Groundbreaking? Really?

The definition of groundbreaking is: “breaking new ground; innovative; pioneering.”

It’s one thing when we say that the original Star Trek series was groundbreaking for its time. It was, not because of Uhura and Kirk kissing, but because of the multi-cultural cast. Understand at the time, having Nichelle Nichols on the show, in such prominence and atypical portrayal was rare. There are shows in 2014 with black characters who can’t even get that right!

I’m not about to jump on the “I hate Frozen” bandwagon. I won’t jump on the “Frozen is groundbreaking!” bandwagon either. I saw the film with my friend and we both enjoyed the story. I don’t have a problem with the movie at all, aside from the lack of non-white characters. (Disney seems to do it wrong every time they try to include a black person in their stories so maybe it’s best that they don’t torture us). Bottom line, Frozen does everything that’s already been done.

Sister Archetype: The older sister is usually one of these: Responsible, wise or mature. The younger sister is usually carefree. Elsa fits into this mold because of her maturity. She may hide from Arendelle’s people, but in her conversations with Anna and other characters, her mind is well beyond her years (approx. 18). Anna spends most of her time running all over the ice mountain biome fighting mobs.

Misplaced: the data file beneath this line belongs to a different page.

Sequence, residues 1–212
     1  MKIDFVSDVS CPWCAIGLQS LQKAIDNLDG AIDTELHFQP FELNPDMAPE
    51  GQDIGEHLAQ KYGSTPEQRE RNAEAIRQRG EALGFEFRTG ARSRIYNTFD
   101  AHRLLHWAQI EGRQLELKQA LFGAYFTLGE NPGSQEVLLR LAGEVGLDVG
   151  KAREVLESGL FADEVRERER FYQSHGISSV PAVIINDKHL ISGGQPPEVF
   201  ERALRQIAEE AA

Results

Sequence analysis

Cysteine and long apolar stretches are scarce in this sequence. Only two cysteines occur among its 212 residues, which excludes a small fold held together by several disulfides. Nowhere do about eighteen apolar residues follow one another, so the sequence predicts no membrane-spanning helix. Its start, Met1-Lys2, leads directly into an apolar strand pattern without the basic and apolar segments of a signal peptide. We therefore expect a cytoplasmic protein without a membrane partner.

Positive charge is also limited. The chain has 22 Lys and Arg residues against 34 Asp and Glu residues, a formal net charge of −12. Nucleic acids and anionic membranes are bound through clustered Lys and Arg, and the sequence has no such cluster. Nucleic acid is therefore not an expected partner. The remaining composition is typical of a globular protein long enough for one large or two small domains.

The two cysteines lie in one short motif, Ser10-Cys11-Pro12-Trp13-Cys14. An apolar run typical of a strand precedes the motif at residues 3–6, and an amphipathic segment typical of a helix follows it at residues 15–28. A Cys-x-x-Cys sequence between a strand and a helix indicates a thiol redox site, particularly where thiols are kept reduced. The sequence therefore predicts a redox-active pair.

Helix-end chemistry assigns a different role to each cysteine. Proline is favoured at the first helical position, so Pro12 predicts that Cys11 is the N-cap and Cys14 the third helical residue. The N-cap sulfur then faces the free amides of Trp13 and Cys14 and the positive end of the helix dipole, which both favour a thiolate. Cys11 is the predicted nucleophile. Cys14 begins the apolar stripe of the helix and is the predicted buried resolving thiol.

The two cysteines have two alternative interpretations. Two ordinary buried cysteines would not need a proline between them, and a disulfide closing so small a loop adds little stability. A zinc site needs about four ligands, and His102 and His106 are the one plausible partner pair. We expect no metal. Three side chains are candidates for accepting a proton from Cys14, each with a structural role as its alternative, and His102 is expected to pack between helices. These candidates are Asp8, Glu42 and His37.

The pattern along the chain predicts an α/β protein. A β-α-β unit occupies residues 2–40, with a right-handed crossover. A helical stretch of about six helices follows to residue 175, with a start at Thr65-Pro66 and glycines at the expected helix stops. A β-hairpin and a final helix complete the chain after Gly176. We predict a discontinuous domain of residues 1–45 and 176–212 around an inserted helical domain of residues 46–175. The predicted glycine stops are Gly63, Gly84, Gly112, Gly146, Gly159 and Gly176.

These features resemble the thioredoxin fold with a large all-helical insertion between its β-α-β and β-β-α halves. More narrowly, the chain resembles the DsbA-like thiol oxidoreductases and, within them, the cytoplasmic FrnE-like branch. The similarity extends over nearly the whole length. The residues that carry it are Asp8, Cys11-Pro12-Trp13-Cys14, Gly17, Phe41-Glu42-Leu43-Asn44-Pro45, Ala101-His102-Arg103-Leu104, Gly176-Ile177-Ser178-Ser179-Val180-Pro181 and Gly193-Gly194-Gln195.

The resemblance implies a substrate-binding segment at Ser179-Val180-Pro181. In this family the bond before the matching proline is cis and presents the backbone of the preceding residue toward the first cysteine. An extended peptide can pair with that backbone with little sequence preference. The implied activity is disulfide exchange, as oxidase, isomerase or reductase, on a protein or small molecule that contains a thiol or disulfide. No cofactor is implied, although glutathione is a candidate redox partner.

I apologize for the Minecraft reference. Moving on.

The plot: Long story short, it’s based on a legend about an ice princess. There’s nothing new about Disney adapting a fairytale/legend/folklore.

True Love Cures Curse: Sure, the true love was between the sisters and not Anna and Kristof. Nice twist. I can’t even count how many stories I’ve read and seen, in which there’s a spell or curse that is cured by true love, kiss included. Sleeping Beauty is a prime example of this.

Strong Female Characters: Anna is like Scarlet O’Hara, or Lara Croft, in the ice mountain biome. I’m not saying weak female characters are a good thing, but we have plenty of strong women to look up to. Strong men are far and few between these days. I don’t think Disney has ever made a male character who is feminist – THAT would be groundbreaking.

Anna gets with Kristof: Yep, male to female pairing, as usual. Both the same ethnicity too.

So please stop calling Frozen this film that does things we’ve never seen before. It’s a movie your kids should definitely watch, because it’s so unexpected in terms of how the characters behave toward each other. Disney did tweak their formula, but they didn’t re-write it.


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